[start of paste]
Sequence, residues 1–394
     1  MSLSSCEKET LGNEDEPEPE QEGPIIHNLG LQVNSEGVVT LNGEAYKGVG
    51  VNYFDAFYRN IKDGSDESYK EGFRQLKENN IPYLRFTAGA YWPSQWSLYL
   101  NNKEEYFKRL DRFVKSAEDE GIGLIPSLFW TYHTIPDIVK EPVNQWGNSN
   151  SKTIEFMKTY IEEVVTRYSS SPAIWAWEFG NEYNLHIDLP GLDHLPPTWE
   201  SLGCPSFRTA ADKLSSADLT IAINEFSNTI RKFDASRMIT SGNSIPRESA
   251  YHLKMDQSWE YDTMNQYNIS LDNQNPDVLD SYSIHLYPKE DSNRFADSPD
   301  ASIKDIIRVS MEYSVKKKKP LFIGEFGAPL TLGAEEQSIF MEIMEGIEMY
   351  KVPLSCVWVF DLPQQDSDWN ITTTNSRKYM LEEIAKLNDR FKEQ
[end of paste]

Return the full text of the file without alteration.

Sequence, residues 1–394
     1  MSLSSCEKET LGNEDEPEPE QEGPIIHNLG LQVNSEGVVT LNGEAYKGVG
    51  VNYFDAFYRN IKDGSDESYK EGFRQLKENN IPYLRFTAGA YWPSQWSLYL
   101  NNKEEYFKRL DRFVKSAEDE GIGLIPSLFW TYHTIPDIVK EPVNQWGNSN
   151  SKTIEFMKTY IEEVVTRYSS SPAIWAWEFG NEYNLHIDLP GLDHLPPTWE
   201  SLGCPSFRTA ADKLSSADLT IAINEFSNTI RKFDASRMIT SGNSIPRESA
   251  YHLKMDQSWE YDTMNQYNIS LDNQNPDVLD SYSIHLYPKE DSNRFADSPD
   301  ASIKDIIRVS MEYSVKKKKP LFIGEFGAPL TLGAEEQSIF MEIMEGIEMY
   351  KVPLSCVWVF DLPQQDSDWN ITTTNSRKYM LEEIAKLNDR FKEQ